Read an advance review: “The poems in Trash Picker on Mars, as the title suggests, range from the concrete to the abstract, from Pascal to mythology, from the homeless, represented by weeds, to a trans-gender person in a gym. What stands out in this collection is Twaronite’s attention to the details and textures of ordinary life as he presents us with reminders that the ordinary—the working man, the sleeping woman on the train, are not to be forgotten when seeking the sublime. In “The Container Store” the poet longs for “just the right vessel/to store your thoughts/and emotions in safe/and accessible places”—a wish many of his readers will certainly share.”
Nancy Owen Nelson, PhD, author of Searching for Nannie B: Connecting Three Generations of Southern Women.
Written with wit and compassion, Gene Twaronite’s amazing poems give readers a whole new view of many ordinary experiences of our culture. Nothing can ever be seen the same way again. A few lost keys “Scattered across the pavement/they lay, like shiny petals/plucked from their flowers” become windows into their imagined former owner’s soul. In “Mannequin,” Twaronite’s compassionate view of what was once a semi-human form now become only “eyeless sockets in an empty face–/all that remain of the life/she once possessed” and manage to suggest the way we are all seen by corporate commercial interests. With metaphors embodied in gritty, graphic images, Twaronite sometimes makes astonishing hairpin turns of meaning in his poems as he does in “Trash Picker on Mars,” where this planet seemingly “defrocked of its canals/and green men by Carl Sagan” ends up to pose a chilling potential indeed.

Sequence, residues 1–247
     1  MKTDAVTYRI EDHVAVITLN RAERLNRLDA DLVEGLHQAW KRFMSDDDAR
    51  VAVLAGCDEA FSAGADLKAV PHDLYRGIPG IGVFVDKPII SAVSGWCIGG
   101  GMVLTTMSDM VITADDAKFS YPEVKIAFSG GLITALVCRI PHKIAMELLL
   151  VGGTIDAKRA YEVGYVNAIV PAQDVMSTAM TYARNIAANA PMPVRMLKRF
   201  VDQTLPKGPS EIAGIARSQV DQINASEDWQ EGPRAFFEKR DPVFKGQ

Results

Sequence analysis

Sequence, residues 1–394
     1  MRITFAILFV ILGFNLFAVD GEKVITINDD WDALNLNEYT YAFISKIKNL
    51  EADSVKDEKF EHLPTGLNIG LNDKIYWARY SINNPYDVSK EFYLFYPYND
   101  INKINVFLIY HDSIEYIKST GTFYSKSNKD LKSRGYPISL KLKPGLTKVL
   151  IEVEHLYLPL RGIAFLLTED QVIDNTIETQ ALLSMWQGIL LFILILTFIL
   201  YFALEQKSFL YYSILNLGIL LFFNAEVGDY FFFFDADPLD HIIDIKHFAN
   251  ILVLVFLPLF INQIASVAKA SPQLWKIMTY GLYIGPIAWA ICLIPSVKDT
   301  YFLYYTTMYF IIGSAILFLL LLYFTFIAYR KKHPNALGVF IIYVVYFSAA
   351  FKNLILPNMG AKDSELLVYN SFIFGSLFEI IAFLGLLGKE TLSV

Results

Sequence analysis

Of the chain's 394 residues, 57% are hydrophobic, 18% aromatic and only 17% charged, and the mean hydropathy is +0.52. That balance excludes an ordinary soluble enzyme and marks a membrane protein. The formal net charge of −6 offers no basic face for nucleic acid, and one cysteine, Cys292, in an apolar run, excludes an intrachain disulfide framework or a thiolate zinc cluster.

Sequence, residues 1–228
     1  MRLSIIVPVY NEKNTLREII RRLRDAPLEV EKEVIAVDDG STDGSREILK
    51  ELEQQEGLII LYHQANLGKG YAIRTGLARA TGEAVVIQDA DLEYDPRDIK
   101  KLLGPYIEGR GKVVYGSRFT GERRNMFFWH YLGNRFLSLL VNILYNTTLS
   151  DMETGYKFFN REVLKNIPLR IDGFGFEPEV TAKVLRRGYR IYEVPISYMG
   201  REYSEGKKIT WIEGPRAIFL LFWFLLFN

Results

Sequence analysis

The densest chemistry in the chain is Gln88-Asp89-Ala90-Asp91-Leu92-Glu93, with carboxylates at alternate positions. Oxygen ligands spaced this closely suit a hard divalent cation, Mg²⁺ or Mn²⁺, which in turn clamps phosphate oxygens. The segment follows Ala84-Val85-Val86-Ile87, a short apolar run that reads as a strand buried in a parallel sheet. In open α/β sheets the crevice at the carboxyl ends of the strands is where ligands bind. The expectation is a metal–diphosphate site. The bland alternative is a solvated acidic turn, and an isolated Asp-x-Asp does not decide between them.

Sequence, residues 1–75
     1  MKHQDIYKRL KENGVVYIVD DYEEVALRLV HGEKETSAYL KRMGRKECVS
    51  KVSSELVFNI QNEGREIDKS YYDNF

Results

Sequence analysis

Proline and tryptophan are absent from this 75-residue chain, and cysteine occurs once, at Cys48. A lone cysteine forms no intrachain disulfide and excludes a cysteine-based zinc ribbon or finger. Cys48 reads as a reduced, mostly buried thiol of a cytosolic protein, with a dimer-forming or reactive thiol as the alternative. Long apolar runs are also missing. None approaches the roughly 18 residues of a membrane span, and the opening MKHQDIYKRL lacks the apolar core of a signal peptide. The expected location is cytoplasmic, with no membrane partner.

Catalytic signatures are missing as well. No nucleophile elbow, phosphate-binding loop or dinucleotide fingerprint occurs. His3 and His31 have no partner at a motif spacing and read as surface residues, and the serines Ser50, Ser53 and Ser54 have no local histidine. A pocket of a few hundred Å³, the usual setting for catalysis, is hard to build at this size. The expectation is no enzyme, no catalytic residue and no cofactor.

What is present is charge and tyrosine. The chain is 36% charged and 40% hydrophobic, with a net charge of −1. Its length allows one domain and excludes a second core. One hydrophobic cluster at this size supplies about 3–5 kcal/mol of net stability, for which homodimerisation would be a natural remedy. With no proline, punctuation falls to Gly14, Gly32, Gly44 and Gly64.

Susan Lang, Faculty Emeritus at Yavapai College and author of the novel The Sawtooth Complex as well as a trilogy of novels about a woman homesteading in the southwestern wilderness during the years 1929 to 1941.
My first poetry book Trash Picker on Mars, published by Kelsay Books, will be coming out in late September.
First they fled out of Africa,
seeking new sources of food
or maybe a change of scenery.
Then they fled the ice sheets
and dire wolves haunting their dreams.
From hunger and drought they fled
over the Bering Strait and beyond.
From religious persecution they fled
to a New World of unbridled freedom.
From war, famine, and disease they fled
to whatever country would take them.
They fled the whips and chains
of Southern plantations to live
in crowded cities of the North,
as others fled the same cities
from immigrant hordes and dark races.
They fled into gated communities
to free themselves from parties
and viewpoints not their own.
They fled into space out of boredom
and because it was the last frontier.
Finally they fled from the earth itself,
in their luxury starship cruisers,
all the way to the center of the galaxy
and a big black hole
that swallowed them up,
every last one.